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Beijing - China has temporarily lifted a 14-year-old ban on selling video game consoles, paving the way for Sony, Microsoft and Nintendo to enter the third-largest video game market by revenue.
China’s video game revenues grew by more than a third from 2012 to nearly $14 billion (R149bn) last year, but console makers are likely to face an uphill battle for market share in a country where a whole generation has grown up without a PlayStation, Xbox or Wii and where free games for personal computers (PCs) and mobile devices dominate.
The absence of consoles has left PC games with almost two-thirds of the market, according to data released at the annual China games industry conference last month. Browser gaming accounted for just more than 15 percent and mobile games pulled in nearly 14 percent of revenue, the data showed.
“If Sony and Microsoft want to expand in China they need to think of changing their business model, and study the success of internet gaming market providers where games are free but they charge money from operating games,” said Roger Sheng, a research director at tech research firm Gartner.
China first banned gaming consoles in 2000, citing their adverse effect on the mental health of its youth.
The suspension of the ban would permit “foreign-invested enterprises” to make game consoles within Shanghai’s free trade zone and sell them in China after inspection by cultural departments, China’s top decision-making authority, the State Council, stated.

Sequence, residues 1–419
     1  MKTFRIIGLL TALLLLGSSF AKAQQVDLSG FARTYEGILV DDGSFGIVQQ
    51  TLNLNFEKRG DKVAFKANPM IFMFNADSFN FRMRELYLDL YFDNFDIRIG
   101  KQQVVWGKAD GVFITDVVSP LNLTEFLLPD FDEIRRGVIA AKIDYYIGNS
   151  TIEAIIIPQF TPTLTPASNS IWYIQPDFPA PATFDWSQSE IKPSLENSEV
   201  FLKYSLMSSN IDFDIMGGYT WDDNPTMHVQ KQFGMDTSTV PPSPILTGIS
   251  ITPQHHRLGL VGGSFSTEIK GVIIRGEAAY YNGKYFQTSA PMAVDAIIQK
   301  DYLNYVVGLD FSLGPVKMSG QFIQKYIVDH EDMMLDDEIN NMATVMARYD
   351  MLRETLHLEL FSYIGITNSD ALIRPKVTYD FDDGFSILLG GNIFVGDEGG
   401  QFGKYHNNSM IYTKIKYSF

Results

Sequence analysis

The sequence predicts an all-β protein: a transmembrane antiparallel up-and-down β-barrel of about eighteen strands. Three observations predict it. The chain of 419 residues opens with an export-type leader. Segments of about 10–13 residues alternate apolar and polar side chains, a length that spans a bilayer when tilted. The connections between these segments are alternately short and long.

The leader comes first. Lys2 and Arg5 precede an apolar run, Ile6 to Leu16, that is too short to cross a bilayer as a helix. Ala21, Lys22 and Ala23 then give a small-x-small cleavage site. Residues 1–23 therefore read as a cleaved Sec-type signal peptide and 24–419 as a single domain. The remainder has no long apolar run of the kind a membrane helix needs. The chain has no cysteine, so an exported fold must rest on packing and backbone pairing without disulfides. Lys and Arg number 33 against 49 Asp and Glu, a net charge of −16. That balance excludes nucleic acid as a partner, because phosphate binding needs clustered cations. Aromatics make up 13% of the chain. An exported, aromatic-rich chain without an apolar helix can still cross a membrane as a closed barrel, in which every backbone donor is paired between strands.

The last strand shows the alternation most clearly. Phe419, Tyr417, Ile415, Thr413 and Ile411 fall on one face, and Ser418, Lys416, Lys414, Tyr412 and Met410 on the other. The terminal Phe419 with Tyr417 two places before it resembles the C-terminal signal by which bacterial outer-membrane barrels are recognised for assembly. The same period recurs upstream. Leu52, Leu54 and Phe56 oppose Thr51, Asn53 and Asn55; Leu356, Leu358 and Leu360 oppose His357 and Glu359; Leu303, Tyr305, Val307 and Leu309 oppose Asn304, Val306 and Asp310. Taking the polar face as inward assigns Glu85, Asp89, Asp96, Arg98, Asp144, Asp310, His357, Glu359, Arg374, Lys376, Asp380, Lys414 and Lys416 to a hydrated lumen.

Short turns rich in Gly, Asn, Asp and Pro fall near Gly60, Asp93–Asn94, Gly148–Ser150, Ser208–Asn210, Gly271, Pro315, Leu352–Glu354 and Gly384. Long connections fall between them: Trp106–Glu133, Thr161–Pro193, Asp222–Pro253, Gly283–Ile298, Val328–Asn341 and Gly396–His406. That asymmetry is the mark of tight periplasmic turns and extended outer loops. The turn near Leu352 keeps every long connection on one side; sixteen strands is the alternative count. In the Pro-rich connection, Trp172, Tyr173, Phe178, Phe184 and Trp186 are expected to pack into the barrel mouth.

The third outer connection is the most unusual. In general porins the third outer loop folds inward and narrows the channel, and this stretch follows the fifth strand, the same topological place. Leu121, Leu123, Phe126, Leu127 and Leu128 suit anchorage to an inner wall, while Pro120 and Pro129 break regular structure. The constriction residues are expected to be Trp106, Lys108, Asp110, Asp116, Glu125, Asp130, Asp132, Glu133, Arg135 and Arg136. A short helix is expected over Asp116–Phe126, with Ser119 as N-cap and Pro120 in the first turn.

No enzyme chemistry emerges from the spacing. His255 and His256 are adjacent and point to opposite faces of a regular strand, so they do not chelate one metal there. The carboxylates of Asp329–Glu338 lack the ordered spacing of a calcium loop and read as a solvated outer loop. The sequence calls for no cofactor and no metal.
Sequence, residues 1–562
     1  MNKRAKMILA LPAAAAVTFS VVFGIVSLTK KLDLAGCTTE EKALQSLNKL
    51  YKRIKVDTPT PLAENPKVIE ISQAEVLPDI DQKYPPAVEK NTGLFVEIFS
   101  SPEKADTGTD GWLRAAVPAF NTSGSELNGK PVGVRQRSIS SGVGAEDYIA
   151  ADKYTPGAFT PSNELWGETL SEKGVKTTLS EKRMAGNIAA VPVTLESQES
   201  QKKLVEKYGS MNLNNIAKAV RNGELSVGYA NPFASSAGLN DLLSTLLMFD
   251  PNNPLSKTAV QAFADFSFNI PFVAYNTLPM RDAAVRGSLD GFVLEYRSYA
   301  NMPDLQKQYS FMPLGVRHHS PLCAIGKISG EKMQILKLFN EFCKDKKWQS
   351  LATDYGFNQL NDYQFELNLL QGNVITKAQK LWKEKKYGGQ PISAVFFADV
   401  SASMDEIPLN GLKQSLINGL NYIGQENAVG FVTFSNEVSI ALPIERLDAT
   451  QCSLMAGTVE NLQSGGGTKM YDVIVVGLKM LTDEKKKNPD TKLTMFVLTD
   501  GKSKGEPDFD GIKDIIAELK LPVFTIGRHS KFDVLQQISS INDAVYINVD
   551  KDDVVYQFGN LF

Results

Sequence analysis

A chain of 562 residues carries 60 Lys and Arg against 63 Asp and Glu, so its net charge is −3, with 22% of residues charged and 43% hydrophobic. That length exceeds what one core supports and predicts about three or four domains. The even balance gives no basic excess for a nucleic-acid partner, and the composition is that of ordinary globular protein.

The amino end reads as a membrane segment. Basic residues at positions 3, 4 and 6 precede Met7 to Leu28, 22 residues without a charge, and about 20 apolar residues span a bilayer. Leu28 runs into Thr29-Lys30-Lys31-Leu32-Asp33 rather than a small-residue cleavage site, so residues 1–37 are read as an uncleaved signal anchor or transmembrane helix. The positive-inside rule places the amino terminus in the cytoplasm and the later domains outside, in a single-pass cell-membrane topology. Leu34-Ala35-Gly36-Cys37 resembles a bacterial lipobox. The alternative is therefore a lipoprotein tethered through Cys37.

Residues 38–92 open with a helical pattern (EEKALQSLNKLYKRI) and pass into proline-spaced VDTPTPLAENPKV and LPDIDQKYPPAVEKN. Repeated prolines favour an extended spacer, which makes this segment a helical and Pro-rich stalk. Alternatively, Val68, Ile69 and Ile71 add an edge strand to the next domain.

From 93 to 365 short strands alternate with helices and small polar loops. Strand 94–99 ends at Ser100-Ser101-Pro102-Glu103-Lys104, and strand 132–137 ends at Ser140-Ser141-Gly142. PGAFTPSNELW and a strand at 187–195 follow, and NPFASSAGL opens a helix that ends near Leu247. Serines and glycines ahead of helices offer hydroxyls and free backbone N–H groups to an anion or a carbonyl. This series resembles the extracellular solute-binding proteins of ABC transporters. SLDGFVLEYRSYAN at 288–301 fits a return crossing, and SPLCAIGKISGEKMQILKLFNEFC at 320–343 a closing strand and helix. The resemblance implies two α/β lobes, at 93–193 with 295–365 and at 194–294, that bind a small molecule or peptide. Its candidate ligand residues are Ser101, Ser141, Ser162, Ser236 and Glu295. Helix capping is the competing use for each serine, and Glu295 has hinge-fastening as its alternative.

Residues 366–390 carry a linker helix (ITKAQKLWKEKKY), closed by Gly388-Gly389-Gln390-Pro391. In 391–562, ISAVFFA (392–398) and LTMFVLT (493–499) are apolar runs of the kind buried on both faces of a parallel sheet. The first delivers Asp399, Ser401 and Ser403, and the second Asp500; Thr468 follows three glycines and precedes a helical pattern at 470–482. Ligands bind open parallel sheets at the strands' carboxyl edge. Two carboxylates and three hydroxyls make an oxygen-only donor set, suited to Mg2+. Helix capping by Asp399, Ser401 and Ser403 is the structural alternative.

The statement, posted on the council’s website on Monday, did not give more details and officials were not available to clarify the ruling.
The video game sector has been battered globally by the proliferation of free games on mobile devices, PCs, and on social networking sites. In China, the most popular games are often free to play, with gamers only paying for add-ons such as weapons or extra lives.
For console makers seeking to expand in China, price may be a barrier. More than 70 percent of Chinese gamers earn less than 4 000 yuan (about R7 000) a month, according to Hong Kong-based brokerage CLSA.
The new Xbox One sells for nearly $500 in the US, while Sony’s PlayStation 4 goes for just shy of $400. New games for each console cost about $60.
“To purchase a game at 200 or 300 yuan is unbearable or unthinkable for a normal player like me,” said Yang Anqi, a 23-year-old student at Beijing’s Renmin University, who has played video games for more than a decade.
Nintendo, which makes Wii consoles, said the ruling had changed little from when Beijing said in September last year that it planned to lift the ban.
“We are still not sure exactly what we will be able to do in Shanghai, and thereafter in greater China,” said Yasuhiro Minagawa, Nintendo’s public relations manager in Japan. “Both with hardware and software, there are many things we have to look into and so we can’t say anything concrete.”
Sony was also cautious.
“We do recognise that China is a promising market, and we will continue to study the possibility,” said Satoshi Nakajima, a spokesman for Sony Computer Entertainment, the unit responsible for the PlayStation.
Microsoft was not available to comment. In September, it formed a joint venture with China’s BesTV New Media and invested $237 million in “family games and related services”.
Another possible hurdle for console makers is the availability, albeit illegally, of consoles modified to run pirated games. Such games sell for about $1 each or can be downloaded onto a disc at home.
Paul Carsten for Reuters